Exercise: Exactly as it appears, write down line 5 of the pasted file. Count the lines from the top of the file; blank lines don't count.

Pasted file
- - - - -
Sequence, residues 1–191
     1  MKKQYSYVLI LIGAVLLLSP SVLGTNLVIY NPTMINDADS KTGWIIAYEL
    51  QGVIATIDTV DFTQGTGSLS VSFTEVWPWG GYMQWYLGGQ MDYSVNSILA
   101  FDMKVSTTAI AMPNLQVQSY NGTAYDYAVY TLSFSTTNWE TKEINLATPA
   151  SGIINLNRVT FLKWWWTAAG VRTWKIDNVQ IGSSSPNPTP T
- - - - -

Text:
   151  SGIINLNRVT FLKWWWTAAG VRTWKIDNVQ IGSSSPNPTP T